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Sabina Chen lived in San Francisco, CA for many years, so she was very familiar with the concept of ADUs. However, most of the ADUs she encountered there were illegal mother-in-law apartments. By 2005, Sabina and her fiance Blake were living in the Portland area and the housing market was taking off. Blake and Sabina wanted “in on the game,” so they decided to purchase a piece of property with the capacity for a mother-in-law unit. However, they knew they didn’t want an illegal unit, and they weren’t sure what to call a permitted and rentable second unit.
“We started looking with our realtor for a piece of property with potential. We wanted an amenity like a view, a house the right size, with potential for a mother-in-law we could rent out. Thank God for Google because at the time the phrase ‘ADU’ was buried. You had to look for it. I eventually found a PDF about ADUs in Multnomah County. I think we’d already put an offer on the house!” – Blake Clark
Income potential was a driving factor for Sabina and Blake, but they also wanted to create a multi-generational housing option in case their parents wanted to live nearby someday. Furthermore, they appreciated the housing flexibility they would have if they owned two units. (They could, for instance, Own Two, Rent One as the Granger family does or Own Two, Rent Both as the Burkholder-Rich family does.) They decided to keep their options open because Sabina had applied for a position out of state. Portland is one of the few cities that allows homeowners with ADUs to rent out both units. They felt lucky that if the need arose they’d be able to rent out both their house and the ADU and return to one (or both) of the units someday.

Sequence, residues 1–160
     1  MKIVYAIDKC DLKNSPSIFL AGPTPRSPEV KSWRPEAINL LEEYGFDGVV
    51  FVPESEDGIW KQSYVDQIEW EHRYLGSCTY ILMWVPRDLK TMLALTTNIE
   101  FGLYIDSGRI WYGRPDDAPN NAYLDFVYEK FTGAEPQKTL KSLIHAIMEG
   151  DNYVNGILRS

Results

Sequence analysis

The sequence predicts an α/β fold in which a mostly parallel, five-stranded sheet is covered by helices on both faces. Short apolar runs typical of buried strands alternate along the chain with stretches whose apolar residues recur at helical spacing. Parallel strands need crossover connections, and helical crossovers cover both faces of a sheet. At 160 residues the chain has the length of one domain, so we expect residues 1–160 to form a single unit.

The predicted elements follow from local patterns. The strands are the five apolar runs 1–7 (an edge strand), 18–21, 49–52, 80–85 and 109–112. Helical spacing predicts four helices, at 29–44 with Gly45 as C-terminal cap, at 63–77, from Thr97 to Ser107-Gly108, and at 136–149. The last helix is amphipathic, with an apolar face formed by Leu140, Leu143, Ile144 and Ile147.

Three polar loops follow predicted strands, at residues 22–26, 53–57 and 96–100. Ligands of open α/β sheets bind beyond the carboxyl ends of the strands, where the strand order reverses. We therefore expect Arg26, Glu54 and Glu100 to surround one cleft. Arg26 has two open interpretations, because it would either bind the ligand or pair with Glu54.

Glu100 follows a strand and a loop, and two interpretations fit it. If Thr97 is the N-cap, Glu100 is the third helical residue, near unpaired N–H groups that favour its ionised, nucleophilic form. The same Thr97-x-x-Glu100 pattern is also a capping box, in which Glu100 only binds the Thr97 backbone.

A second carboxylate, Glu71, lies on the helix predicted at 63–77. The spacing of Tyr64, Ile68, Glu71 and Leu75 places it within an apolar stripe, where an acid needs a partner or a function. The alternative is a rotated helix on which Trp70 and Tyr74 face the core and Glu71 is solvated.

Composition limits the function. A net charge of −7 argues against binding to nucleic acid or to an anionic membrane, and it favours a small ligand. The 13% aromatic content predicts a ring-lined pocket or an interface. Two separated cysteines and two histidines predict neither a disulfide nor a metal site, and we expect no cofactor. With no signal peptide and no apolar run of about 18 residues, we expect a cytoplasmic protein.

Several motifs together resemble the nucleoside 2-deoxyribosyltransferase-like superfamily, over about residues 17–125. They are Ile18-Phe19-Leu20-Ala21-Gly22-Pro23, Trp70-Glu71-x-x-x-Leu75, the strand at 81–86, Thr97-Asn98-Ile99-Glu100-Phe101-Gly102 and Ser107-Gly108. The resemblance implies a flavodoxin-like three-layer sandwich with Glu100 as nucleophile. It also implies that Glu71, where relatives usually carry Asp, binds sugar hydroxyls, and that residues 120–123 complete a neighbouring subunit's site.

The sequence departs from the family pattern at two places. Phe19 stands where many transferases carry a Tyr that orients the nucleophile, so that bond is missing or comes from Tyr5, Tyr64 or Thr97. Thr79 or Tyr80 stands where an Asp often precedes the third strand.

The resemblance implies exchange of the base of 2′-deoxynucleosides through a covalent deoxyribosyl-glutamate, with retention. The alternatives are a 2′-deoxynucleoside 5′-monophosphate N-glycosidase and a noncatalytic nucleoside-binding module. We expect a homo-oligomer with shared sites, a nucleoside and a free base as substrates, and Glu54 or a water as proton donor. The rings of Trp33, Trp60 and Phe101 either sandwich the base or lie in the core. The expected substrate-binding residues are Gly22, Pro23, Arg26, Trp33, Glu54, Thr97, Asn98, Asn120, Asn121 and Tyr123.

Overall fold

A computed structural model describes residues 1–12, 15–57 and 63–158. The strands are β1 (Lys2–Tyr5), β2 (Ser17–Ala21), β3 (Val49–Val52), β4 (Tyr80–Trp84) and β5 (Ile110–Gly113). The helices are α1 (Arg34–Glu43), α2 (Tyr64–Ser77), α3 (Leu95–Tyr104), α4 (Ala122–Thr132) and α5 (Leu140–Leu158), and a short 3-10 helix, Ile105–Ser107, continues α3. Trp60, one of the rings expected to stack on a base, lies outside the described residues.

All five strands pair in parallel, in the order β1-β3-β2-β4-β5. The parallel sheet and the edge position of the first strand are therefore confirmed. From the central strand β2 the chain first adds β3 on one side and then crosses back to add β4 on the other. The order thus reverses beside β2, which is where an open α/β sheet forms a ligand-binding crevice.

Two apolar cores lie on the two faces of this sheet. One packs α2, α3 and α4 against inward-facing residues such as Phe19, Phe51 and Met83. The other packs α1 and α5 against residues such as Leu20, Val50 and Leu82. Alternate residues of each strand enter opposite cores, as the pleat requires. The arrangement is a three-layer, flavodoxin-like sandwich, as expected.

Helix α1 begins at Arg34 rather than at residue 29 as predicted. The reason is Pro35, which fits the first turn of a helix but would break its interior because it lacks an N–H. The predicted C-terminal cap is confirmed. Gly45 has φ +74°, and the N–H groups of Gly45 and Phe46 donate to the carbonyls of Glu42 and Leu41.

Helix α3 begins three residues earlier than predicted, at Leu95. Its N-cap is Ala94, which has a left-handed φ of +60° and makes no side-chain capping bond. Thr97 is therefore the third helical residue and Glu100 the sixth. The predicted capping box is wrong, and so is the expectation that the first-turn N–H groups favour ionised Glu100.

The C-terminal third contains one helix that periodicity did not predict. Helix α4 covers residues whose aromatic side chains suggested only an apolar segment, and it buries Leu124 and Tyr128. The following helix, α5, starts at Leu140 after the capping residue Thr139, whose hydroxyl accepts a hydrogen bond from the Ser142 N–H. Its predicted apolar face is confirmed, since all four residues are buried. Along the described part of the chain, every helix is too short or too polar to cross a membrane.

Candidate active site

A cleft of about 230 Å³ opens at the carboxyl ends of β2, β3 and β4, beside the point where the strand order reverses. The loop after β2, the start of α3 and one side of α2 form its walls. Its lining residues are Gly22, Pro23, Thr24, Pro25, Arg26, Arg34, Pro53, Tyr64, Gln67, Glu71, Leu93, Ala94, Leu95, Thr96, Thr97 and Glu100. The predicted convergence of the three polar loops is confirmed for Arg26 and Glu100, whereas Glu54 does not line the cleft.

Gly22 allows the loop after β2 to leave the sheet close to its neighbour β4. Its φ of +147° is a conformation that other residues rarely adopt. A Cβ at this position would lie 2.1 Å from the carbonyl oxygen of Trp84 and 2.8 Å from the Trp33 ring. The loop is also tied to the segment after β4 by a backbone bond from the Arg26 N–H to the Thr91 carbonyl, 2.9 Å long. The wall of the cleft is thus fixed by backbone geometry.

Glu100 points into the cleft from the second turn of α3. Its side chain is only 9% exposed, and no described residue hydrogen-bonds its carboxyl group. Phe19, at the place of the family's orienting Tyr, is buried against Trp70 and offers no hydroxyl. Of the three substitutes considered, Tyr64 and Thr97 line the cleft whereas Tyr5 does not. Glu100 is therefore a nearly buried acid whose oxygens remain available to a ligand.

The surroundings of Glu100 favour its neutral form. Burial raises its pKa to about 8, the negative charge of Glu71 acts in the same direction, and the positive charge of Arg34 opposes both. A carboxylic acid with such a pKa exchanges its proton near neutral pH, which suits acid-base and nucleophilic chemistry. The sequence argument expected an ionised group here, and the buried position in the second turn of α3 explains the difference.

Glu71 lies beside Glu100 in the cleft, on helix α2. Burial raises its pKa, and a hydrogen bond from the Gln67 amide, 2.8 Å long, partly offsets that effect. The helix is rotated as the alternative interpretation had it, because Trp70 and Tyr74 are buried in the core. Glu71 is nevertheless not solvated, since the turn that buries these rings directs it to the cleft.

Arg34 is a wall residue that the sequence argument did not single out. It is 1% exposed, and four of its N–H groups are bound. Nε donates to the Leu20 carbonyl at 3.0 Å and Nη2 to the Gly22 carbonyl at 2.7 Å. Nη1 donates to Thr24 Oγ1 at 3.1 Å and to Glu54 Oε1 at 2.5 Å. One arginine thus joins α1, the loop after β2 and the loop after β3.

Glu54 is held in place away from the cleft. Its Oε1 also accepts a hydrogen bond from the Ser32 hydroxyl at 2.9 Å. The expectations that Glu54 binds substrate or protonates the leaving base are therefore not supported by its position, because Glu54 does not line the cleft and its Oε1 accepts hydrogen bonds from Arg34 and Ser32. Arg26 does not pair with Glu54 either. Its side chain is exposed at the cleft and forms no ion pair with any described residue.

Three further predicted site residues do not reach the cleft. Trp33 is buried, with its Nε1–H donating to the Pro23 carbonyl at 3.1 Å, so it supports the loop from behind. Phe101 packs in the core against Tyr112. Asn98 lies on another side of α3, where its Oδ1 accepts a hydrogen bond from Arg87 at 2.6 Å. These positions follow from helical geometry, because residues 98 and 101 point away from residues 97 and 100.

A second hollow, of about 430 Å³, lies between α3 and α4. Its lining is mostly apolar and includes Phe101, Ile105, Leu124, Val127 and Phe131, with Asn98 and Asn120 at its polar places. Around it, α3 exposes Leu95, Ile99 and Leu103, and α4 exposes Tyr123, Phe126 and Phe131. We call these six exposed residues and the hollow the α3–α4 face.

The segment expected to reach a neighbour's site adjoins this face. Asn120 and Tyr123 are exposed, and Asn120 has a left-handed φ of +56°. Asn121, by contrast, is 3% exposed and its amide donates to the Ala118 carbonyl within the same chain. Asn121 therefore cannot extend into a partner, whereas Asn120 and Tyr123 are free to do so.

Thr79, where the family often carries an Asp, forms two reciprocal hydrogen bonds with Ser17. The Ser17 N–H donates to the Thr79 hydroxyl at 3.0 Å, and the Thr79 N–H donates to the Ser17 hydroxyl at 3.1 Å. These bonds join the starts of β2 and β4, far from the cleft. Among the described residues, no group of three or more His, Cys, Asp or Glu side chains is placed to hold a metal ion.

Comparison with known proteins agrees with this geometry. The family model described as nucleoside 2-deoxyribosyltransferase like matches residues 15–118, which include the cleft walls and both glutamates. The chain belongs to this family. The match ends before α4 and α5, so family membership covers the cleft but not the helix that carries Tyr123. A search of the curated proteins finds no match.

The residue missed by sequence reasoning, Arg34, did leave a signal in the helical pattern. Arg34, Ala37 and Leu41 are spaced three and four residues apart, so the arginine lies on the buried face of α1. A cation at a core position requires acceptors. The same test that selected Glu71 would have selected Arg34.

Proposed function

“Our bottom line was that we wouldn’t create a space we didn’t want to live in. We didn’t know what was going to be in store for us. It could be an investment property. It could be our life-long home. By the time we wrapped up, we knew we were heading out. They’d just changed the rules to allow ADU owners to be landlords. This was a way of getting a duplex for the cost of a single-family. Of course, I was imagining it would take 3 months and a few thousand dollars…” – Blake Clark
Blake and Sabina’s decision to convert the basement instead of building a stand-alone ADU was cost-driven. They figured they’d be able to remodel a basement for far less money than it would take to build a backyard cottage. Unfortunately, Blake quickly learned that the little remodeling project he’d envisioned was going to take on epic proportions. His first clue was that the demolition phase, which was supposed to take a day and a half, took a full month.
“The biggest challenge was dealing with the space that we had. The previous owners had reduced the structural integrity of the house in significant ways. They took out bearing walls and replaced them with nothing. We planned to cut out just where we needed to. When we started tearing into it, it was a complete and total nightmare. Anyone who is remodeling a space, especially an older space, you can’t make any assumptions. We had to strip everything down and start from scratch, which was not the original plan. They had one bedroom downstairs and it had 13 different wall dimensions and no closet. I just sat down there and the one thing I said was ‘I’m not moving the bathroom.’ Well, in the end, the bathroom had to be moved. We wanted the view. We only had one wall of windows and it had the view of Forest Park, so we wanted to open up that south wall as much as we possibly could. Every singe interior wall in the existing basement was removed and the space was completely reconfigured. Two exterior walls also had to move because of the aforementioned structural deficiencies. It was a geometry juggling match.” –Blake Clark
An additional consideration in Blake and Sabina’s design was that they wanted the ADU to both function independently and be able to be incorporated back into the single family home if that should ever need to happen. They found that considering the basement a remodel of a single-family home had one big advantage over building a stand-alone detached ADU in the backyard.